Created August 20, 2008
Employers have long engaged in monitoring employees to help maintain quality standards, protect against untrustworthy employees, and shield the company against potential liability. Advances in technology have made electronic methods of monitoring easily available and effective. While federal and Virginia laws do not carve out an explicit right to privacy for employees, employers are not entitled to subject employees to limitless scrutiny. Employers must understand the legal restrictions on employee monitoring and craft office policies accordingly.
In addition to existing statutory restrictions, under Virginia law there are certain causes of action that employees may rely upon to protect against overzealous employer surveillance: (1) unreasonable intrusion upon the employee’s seclusion, or solitude, or into his private affairs; (2) public disclosure of true, embarrassing private facts about the employee; (3) publicity which places the employee in a false light in the public eye; and (4) misappropriation of employee’s name or likeness for commercial purposes. The first of these common law torts addresses whether the employee had a reasonable expectation of privacy over the area the company monitored, while the other three deal with how an employer may wrongfully use the information gained during the surveillance. Thus, even in situations where the employee may not have a reasonable expectation of privacy, an employer must take great care to use the information properly to avoid any repercussions.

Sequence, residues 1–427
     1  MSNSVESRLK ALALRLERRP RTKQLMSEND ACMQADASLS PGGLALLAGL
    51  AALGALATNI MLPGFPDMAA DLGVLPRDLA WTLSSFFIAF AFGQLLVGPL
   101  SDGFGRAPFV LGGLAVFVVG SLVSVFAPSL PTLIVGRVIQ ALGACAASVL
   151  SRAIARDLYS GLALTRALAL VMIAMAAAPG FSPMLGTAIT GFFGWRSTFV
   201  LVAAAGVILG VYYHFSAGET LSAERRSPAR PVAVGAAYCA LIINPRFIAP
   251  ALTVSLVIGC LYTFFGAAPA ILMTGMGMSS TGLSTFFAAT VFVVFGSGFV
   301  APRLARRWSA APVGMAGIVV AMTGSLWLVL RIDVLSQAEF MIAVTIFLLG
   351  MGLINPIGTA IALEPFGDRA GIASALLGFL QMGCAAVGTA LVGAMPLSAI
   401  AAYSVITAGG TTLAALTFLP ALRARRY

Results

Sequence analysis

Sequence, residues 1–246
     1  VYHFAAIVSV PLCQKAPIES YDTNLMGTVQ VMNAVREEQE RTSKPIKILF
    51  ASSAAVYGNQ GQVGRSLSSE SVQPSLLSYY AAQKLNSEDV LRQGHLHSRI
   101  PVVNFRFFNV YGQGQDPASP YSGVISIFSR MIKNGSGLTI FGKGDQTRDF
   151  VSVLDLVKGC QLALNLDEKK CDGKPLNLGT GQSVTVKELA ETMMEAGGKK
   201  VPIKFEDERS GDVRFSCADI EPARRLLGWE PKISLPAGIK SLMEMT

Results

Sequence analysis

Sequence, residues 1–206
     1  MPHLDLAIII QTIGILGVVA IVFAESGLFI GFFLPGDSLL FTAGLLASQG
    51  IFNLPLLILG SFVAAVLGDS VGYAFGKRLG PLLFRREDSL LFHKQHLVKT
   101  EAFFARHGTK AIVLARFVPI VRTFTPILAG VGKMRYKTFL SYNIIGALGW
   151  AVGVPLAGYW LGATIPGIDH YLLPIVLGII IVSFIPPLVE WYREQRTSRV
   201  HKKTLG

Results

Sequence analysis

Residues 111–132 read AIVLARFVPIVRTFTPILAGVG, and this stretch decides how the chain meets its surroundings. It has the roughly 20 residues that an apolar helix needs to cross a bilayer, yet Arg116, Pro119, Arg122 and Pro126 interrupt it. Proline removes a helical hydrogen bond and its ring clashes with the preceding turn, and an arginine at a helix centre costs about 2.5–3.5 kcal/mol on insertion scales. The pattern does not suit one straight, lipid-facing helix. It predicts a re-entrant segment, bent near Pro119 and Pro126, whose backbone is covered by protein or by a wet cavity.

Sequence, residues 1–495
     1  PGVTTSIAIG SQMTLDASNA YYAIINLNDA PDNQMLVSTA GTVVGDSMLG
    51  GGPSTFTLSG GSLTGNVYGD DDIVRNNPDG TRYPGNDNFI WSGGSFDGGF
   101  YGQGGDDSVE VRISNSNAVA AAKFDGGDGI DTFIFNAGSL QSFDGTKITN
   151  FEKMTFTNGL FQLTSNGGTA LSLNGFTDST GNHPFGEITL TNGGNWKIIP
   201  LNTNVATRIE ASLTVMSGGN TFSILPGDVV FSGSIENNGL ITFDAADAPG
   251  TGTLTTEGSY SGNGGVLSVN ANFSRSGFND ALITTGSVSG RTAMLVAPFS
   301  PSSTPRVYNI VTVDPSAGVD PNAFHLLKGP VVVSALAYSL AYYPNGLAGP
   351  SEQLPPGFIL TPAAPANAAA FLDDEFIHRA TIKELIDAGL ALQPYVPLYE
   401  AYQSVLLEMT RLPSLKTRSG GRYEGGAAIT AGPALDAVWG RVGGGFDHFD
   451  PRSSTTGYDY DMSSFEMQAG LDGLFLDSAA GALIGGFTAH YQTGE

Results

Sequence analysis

One area where monitoring is simply not allowed is the mail. Under federal law, an employer is not allowed to open and examine an employee’s personal mail. See 18 U.S.C. § 1702. However, there are many other areas where an employee may be subject to surveillance, each with different statutory contours as described below.
Phone Conversations. Monitoring an employee’s phone conversations implicates both federal and Virginia law. Under the Federal Wiretapping Act, it is illegal to “intentionally intercept . . . any wire, oral, or electronic conversation.” 18 U.S.C. § 2511(1)(a). It is also illegal to “intentionally use . . . any electronic, mechanical, or other device to intercept any oral communication when . . . (iv) such use . . . (A) takes place on the premises of any business or other commercial establishment the operations of which affect interstate or foreign commerce; or (B) obtains or is for the purpose of obtaining information relating to the operations of any business or other commercial establishment the operations of which affect interstate or foreign commerce.” 18 U.S.C. § 2511(1)(b). Virginia law, under the Virginia Wiretapping Act, is substantially similar. Va. Code § 19.2-61, et seq.